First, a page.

Chemical control of spiders outdoors is difficult because web-spinning spiders do not tend to contact treated surfaces. Space sprays containing pyrethrins or pyrethroids are effective in killing spiders, but have little residual activity. These sprays may be applied when spiders are noticed. When spraying enclosed areas, care should be taken so spiders agitated by the spray do not drop onto the person doing the spraying. Repeat the treatment in four weeks to kill young spiders that hatch from egg sacs.
Dust formulations can be used in crawlspaces, attics, and utility areas to provide long-term protection. The insecticidal dusts tend to cling to the spider webs for long periods of time. When spiders chew their webs to recycle the silk they consume the toxicant and die.
It is important to save any biting spider so it can be identified later. Without a specimen for positive identification, spider bites are often improperly treated, and in many cases other medical conditions are mistaken for spider bites. Most spider bites are not dangerous, but medical care and advice should be sought in any case of a suspected spider bite.
Four species of widow spiders occur: the southern black widow, the northern black widow, the red widow, and the brown widow (Figure 4). All these species are rather large spiders, about 11/2 inches long with the legs extended. To catch prey, widow spiders weave a strong web of irregular strands. The web is often found in rock formations or wood piles. Strands of black widow web were used to form the crosshairs of gun sights during World War II due to the strength and durability of the silk material.
The southern black widow and the northern black widow are a shiny jet-black. The southern black widow has a red hourglass marking on the underside of the abdomen and another red spot at the tip end of the abdomen. The northern black widow has a row of red spots located in the middle of its back and two reddish triangles resembling an hourglass on the underside of the abdomen. The red widow spider has a reddish orange head, thorax, and legs, and a black abdomen. The abdomen may have a dorsal row of red spots with a yellow border. The red widow lacks a complete hourglass under the abdomen but may have one or two red spots. The brown widow spider varies in color from gray to light brown or black. The abdomen has variable markings of black, white, red and yellow. On the underside of the abdomen it has an orange or yellowish-red hourglass marking.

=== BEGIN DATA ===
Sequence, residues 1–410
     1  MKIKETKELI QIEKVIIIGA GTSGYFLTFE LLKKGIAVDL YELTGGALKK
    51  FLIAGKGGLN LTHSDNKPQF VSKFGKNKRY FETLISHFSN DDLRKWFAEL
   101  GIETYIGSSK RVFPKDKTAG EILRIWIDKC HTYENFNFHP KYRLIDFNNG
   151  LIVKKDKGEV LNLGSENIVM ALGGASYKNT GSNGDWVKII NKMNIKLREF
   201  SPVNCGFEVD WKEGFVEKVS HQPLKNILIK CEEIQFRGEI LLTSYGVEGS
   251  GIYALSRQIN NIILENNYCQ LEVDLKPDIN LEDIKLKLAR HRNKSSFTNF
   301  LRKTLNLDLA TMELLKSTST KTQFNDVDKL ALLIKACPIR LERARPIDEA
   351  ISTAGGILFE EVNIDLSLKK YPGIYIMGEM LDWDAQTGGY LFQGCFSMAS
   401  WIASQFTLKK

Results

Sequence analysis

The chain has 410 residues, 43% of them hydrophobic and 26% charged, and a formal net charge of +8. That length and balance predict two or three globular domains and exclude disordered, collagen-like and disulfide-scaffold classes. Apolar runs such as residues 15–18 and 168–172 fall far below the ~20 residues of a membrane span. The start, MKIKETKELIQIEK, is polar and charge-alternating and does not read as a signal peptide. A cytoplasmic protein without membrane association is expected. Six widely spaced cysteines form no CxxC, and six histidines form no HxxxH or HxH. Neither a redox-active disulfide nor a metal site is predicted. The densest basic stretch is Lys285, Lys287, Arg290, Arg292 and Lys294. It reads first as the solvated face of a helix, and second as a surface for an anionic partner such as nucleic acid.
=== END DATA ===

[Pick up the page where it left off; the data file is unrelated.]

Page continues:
The life cycles of the widow spiders are all similar. The female lays approximately 250 eggs in an egg sac, which is about 1/2 to 5/8 inch in diameter. Female widows remain with the egg sac and guard it aggressively from potential predators. The eggs hatch in 20 days and the young spiders (called post-embryos) remain in the egg sac from about four days to one month. The young spiders then molt to the second stage and begin feeding. As the young spiders grow, they construct loosely woven webs and capture progressively larger prey. Male spiders molt three to six times before maturing. The females molt six to eight times and occasionally eat the males after mating. In Florida, all the widows except the northern black widow breed year-round.
The southern black widow is usually found outdoors in protected places such as in hollows of stumps, discarded building materials, rodent burrows, storm sewers, and under park benches and tables. Around houses, the southern black widow is found in garages, storage sheds, crawl spaces under buildings, furniture, ventilators, and rainspouts.
The northern black widow is mainly found in forests. It spins irregular, loosely woven webs 3 to 20 feet above the ground.
The red widow spider makes its web off the ground in palmetto habitats and has only been found in sand-pine scrub associations. The web retreat is characterized by the rolled palmetto frond, and the web is spread over the fronds.
The brown widow is most common on, but not restricted to, buildings. They are also found on bridges and fences. The egg sac looks like an old naval mine or a sandspur seed (Figure 5).
The spiders are extremely timid; the only bites reported have resulted from a spider being accidentally trapped against the victim's body. They reproduce rapidly, and one female can produce up to 18 egg sacs. Once encountered, a spider is indicative of a widespread population that is extremely difficult, if not impossible given available control methods, to eradicate.
Like most spiders, the widow spiders are shy and will not bite unless aggravated. All four species have strong, neurotoxic venom based on a protein called latrotoxin, which is common to all widow species. The southern black widow is involved in most venomous spider-bite cases in Florida. The bite of the black widow is not always felt, but usually feels like a pinprick. The initial pain disappears rapidly, leaving a local swelling where two tiny, red spots appear. Muscular cramps in the shoulder, thigh, and back usually begin within 15 minutes to three hours. In severe cases, pain spreads to the abdomen, the blood pressure rises, and there is nausea, profuse sweating, and difficulty in breathing. Death may result from the venom, depending on the victim's physical condition, age, and location of the bite. However, death seldom occurs if a physician is consulted and treatment is prompt.